For a while, the recovery seemed credible: a broad coalition of Lebanese factions appointed Mustapha Adlib as prime minister and a roadmap for reforms was issued by the French. However, momentum quickly faltered after the Shiite militia and Islamist Hezbollah party faced increased sanctions pressure from the United States and redoubled efforts to secure the lucrative veto position and de facto from the Ministry of Finance. A failure to negotiate led Adlib to resign, wasting the process of forming the government and the prospect of a recovery.
Former Prime Minister Saad Hariri then took the reins in October, despite his resignation a year earlier due to his inextricable association with many of Lebanon’s woes. The cabinet remains to be formed and the reforms cannot even be discussed.
With the state in trouble and the economy in tatters, Lebanon has overseen a trend of political violence, exacerbating concerns about a return to the bloody days of civil war. The signs of polarization are increasingly apparent.
The dissonance between the elite and the population has skyrocketed. As Tripoli shows, social pressures for which the responsibility lies directly with Lebanese politicians is erupting into civic unrest. Government buildings were set on fire and authorities attacked. Due to its place as the poorest city in Lebanon, Tripoli is arguably a microcosm of what is to come if the economic downturn continues or the state is forced to impose austerity measures.
Growing concern is the increased willingness of the Lebanese authorities to use brute force against both peaceful and violent protesters. Lebanon remains a heavily armed nation, with around 31.9 guns per 100 inhabitants. As these continue to repeat themselves, Lebanon is only a stone’s throw from the protesters’ backlash.
While recent protests have often transcended religion in many ways, bigotry remains an imminent threat. Regional sectarian tensions have erupted in recent years over the IS killings and Saudi-Iranian rivalry. As the civil war of 1975-1990 shows, Lebanon is far from being immune to these reverberations.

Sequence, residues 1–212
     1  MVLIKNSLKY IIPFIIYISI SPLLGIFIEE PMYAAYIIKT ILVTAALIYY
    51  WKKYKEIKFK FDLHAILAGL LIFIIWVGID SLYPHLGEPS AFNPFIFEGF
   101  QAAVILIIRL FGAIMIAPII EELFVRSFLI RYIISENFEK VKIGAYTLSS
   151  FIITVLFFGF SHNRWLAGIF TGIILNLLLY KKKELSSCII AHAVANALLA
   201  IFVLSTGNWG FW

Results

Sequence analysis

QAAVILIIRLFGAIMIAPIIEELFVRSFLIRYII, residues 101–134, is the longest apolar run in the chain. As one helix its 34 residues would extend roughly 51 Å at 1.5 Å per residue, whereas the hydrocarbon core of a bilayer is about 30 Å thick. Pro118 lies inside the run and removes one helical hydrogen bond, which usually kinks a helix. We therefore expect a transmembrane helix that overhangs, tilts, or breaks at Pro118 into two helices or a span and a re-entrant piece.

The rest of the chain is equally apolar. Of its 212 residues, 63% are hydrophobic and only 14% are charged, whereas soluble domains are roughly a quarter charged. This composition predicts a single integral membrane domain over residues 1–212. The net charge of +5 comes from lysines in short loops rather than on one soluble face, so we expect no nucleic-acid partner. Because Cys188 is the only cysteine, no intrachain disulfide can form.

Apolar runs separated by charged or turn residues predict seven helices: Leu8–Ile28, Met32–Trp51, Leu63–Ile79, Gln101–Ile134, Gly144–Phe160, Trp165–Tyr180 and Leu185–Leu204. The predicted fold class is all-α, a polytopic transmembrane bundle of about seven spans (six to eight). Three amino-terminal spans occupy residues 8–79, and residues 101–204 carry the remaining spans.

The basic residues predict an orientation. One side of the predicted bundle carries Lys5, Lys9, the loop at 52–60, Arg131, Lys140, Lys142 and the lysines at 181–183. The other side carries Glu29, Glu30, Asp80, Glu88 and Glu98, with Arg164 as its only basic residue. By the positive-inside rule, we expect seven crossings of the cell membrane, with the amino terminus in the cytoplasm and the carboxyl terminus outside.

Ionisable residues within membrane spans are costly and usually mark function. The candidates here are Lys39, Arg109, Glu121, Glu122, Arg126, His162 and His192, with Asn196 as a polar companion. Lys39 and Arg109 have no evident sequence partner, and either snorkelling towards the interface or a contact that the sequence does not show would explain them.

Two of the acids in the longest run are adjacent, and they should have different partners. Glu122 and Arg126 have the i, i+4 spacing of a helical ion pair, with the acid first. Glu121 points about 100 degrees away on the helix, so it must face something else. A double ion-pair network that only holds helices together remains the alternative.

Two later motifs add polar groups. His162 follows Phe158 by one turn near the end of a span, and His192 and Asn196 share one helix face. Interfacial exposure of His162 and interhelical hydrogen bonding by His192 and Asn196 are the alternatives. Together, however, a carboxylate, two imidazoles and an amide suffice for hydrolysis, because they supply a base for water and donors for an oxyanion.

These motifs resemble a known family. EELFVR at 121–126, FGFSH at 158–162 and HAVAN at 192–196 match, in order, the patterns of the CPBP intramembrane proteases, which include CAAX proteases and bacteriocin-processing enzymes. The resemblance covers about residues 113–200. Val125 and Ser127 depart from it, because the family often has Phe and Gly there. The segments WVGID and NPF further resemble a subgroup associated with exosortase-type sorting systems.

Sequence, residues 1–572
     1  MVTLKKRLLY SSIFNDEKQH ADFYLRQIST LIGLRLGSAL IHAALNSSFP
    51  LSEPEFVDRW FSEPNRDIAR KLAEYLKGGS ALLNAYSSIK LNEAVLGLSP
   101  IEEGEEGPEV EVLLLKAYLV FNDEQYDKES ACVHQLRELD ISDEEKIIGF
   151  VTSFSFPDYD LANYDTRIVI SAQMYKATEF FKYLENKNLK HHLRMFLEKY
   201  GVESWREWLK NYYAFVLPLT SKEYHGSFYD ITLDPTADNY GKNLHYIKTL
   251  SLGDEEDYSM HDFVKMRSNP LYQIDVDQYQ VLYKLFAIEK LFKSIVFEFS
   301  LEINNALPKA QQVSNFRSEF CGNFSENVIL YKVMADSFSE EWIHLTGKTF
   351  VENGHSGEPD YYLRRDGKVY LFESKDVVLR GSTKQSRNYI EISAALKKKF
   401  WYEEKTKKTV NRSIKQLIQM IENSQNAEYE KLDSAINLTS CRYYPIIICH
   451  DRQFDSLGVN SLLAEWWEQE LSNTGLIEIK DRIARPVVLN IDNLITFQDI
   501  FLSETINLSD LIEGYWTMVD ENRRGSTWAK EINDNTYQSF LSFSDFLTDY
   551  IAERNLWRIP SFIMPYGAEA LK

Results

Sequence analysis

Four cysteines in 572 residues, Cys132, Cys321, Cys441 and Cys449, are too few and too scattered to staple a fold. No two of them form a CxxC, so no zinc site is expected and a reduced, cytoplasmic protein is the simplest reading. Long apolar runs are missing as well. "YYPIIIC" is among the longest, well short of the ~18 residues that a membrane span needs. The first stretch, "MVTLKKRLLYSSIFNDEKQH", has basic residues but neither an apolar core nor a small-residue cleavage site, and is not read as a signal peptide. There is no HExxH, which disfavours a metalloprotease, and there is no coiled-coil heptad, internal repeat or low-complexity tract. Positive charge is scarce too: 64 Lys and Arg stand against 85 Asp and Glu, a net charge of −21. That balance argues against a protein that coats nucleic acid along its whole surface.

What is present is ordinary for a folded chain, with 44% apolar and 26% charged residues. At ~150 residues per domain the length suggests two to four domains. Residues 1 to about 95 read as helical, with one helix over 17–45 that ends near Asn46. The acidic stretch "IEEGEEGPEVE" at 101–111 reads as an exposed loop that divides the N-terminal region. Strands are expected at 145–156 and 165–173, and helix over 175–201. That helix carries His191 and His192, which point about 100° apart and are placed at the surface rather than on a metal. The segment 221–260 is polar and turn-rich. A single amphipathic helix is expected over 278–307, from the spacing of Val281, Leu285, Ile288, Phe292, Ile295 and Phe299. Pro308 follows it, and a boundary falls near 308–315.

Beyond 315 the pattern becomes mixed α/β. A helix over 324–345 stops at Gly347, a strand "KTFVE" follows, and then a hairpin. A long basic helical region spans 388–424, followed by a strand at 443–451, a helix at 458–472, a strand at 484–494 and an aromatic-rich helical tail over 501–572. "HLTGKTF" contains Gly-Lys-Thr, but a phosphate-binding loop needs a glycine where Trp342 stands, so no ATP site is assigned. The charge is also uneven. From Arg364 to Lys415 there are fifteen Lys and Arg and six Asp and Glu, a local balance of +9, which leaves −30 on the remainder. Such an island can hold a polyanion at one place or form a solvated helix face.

Such tensions are increasingly evident. In previous protests, staunch Hezbollah supporters have fought with protesters who they say are specifically seeking to undermine Hezbollah. Although Tripoli is a Sunni stronghold and this behavior has been absent this time around, as protests have spread to other cities, it is likely to spark further outbreaks of sectarian violence.
While no party actively seeks to further destabilize, any sudden shift in the balance of power, especially at the expense of Hezbollah, can lead to clashes. Highly militarized Hezbollah has historically shown its willingness to use violence in response to political maneuvers it does not like.
Additionally, the recent murder of anti-Hezbollah Shia journalist Lokman Slim has signaled to the Shia community that dissent will not be tolerated. An increasingly homogeneous and armed Hezbollah could wreak havoc on the opposition forces if it wanted to.
Inter-sect tensions are also mounting around Christian parties, the Lebanese Forces and the Free Patriotic Movement over the FPM’s continued alliance with Hezbollah. Last September, supporters of the two parties clashed in a parade commemorating the murdered revered Christian leader Bashir Gemayel.
If a conflict were to break out on any of these dimensions, the Lebanese army would find itself forced to balance the sects for fear of repeated massive internal defections, as happened in 1976. In essence, this makes the army largely useless in the face of conflict, as happened in 2008 when tensions between Sunnis and Shiites escalated considerably.
Lebanon is in a precarious situation. With no sign of the government taking decisive action to end this economic catastrophe, political violence appears to be becoming the new normal in Lebanon.